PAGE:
The mountain temple complex is enough to bring the bard out in anyone


Originally published on metropolis.co.jp on November 2009

photos by Alena Eckelmann

photos by Alena Eckelmann

When Japan’s most famous poet, Matsuo Basho, was bitten by the travel bug, his wanderlust took him deep into the Tohoku region. During his arduous five-month journey, he also ventured through the province of Yamagata, where he wrote some of his best-known haiku.

As its name (literally “mountain shape”) suggests, two-thirds of Yamagata is mountainous. No wonder, then, that one of the region’s most famous landmarks, Risshaku-ji temple, is nestled into a rocky hill. Commonly known as Yamadera (“mountain temple”), the complex was originally just a network of caves used for prayer and ascetic practice. Over time, buildings were added, and there are now some 40 temple structures dotted around the hillside. The temples and pavilions on the slopes make a picturesque landscape, with the views particularly enchanting in autumn.


Yamadera was established in 860 by Ennin, a monk of the Tendai Buddhist sect, which has its headquarters at Kyoto’s Enryaku-ji temple. At the foot of the hill sits the temple’s main hall, the Komponchodo. This 14th century building shelters the “eternal light of Buddhism,” a flame that Ennin brought the whole way from Kyoto, and which is said to have been burning continuously ever since. However, visitors are left to figure out for themselves which of the temple’s seemingly unremarkable lanterns carries the holy freight.

Walking along the foot of the hill, visitors pass a statue of Basho sitting in travel gear on a rock, seemingly mulling over his next literary effusion. If you want to learn more about this traveler-cum-poet, head to the nearby Yamadera Basho Museum. You can only begin to imagine what kinds of conversations Basho might have had with Ennin, who is said to have written more than 100 books himself, had they actually met at Yamadera.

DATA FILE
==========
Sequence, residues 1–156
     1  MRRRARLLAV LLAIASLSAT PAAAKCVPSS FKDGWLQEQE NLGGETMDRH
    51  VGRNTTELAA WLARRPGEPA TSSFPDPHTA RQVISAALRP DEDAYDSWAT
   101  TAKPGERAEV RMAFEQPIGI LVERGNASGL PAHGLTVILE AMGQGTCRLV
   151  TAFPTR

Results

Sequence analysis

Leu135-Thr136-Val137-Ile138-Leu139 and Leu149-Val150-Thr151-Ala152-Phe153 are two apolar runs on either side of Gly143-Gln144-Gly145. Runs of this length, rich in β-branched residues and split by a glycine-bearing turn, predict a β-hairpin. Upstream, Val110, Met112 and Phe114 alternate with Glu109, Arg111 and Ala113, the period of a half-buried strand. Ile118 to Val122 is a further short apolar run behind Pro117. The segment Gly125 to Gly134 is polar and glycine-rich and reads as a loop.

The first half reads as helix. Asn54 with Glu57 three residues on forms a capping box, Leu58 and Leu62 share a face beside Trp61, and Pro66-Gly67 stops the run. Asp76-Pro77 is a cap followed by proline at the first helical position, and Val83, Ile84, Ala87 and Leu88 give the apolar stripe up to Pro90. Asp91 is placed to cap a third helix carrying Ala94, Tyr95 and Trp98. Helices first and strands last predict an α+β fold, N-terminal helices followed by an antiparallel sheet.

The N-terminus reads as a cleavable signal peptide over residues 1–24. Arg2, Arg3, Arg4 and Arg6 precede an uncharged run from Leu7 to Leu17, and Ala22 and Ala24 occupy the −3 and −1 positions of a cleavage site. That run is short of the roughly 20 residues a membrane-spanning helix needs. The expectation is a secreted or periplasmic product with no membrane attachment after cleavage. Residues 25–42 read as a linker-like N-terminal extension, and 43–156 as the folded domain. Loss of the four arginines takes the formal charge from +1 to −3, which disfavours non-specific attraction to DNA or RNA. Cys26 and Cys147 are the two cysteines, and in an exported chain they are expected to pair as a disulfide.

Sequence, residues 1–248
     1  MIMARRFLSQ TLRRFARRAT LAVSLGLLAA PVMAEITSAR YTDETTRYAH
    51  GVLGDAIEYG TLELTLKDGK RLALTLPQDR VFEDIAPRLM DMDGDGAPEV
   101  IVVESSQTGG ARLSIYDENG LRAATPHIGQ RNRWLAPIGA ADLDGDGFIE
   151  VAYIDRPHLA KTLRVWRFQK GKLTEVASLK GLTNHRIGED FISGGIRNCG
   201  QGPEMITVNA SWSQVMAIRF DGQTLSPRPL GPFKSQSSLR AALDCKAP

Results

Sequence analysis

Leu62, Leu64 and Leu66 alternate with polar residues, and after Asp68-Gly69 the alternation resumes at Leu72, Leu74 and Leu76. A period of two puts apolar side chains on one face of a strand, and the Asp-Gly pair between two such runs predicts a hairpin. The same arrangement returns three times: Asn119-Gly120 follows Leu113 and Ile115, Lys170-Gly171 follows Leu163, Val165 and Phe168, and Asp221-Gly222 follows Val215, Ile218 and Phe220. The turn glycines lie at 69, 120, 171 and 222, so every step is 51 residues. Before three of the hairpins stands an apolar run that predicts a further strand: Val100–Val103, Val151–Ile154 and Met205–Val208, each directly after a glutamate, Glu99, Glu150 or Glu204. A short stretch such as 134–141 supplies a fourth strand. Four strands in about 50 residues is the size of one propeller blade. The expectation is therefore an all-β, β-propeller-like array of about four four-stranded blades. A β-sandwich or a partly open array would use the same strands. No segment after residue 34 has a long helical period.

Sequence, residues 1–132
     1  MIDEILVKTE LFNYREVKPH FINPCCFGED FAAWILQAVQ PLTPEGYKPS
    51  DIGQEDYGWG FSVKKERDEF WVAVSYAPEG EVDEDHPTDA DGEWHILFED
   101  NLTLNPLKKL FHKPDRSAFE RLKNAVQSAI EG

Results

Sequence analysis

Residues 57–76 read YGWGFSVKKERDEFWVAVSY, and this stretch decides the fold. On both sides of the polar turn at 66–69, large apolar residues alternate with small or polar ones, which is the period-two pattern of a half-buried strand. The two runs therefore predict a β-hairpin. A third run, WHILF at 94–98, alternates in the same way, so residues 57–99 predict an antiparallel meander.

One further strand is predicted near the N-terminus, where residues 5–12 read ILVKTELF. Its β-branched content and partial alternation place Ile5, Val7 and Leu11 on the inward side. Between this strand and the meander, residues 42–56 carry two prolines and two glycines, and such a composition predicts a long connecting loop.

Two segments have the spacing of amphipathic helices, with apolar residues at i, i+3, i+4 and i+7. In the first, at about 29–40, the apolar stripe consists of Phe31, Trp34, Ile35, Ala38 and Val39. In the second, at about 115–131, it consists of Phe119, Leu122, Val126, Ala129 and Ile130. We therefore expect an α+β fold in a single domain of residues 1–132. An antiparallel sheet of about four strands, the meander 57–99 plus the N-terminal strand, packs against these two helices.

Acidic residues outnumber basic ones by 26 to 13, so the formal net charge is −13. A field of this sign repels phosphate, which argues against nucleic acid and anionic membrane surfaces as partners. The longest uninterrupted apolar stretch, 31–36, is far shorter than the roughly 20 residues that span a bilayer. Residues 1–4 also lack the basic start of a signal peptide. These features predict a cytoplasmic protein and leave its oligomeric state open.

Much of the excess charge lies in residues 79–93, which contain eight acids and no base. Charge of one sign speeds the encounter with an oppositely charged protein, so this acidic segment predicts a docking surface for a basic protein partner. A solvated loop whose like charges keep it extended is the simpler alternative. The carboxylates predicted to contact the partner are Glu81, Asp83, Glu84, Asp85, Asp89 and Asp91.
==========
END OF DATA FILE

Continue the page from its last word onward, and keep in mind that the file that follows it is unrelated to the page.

After passing the Sanmon gate, visitors embark on an exhausting climb up the hill that ends 1,100 or so steps later at Niomon, the entrance to the temple complex at the summit. On the way up, one can catch glimpses of Niomon through the ancient cedar and oak trees lining the way. The staircase winds past forlorn-looking stone lanterns, moss-covered rock carvings and countless weather-beaten Jizu statues, which keep dutiful watch over the huffing and puffing tourists and devotees as they tackle the steep ascent.

Basho changed his travel route on the advice of some locals, walking a few extra miles to get to Yamadera, reaching the temple in late afternoon. Visiting at the same time of day, latter-day travelers can easily imagine the poet contemplating the quiet scenery before writing this masterpiece, which is Japan’s best-known haiku:

In the utter silence
Of a temple,
A cicada’s voice alone
Penetrates the rocks

In front of Okuno-in, the temple on the summit, stands a huge stone lantern, said to be one of the three biggest in Japan. A nearby path leads to the Kaisando, where Ennin is enshrined. From there, one can see the Nokyodo, a small, red-lacquered pavilion sitting atop a cliff, which makes for a nice photo shot whatever the season. Godaido, a terrace precariously perched on the side of a cliff, marks the end of the path. The views over the surrounding area and the mountain scenery are stunning, well worth the strenuous climb and the journey from Tokyo.

Travel Tips
Yamadera temple is open 8am-5pm year-round; entry is ¥300. A two-hour temple tour is available at an extra cost of ¥2,000 (advance booking required). For a weekend trip to Yamagata, consider the “Saturday/Sunday Ticket” (do-nichi kippu), which entitles the holder to unlimited travel for the weekend on all JR East trains, including the shinkansen from Tokyo to JR Yamagata station and back, for ¥18,000 (¥9,000/¥3,000 for teenagers/children). Seats are unreserved and the ticket must be purchased at least one day before traveling; note that it is not available at certain times of year, including Dec 28-Jan 6 (www.jreast.co.jp/e/pass/donichi_kippu.html). From JR Yamagata station, the Sendai Line takes you to JR Yamadera in 20 minutes. Yamadera Pension, housed in a traditional wooden building near the temple, is recommended for overnight stays (http://tinyurl.com/yamadera).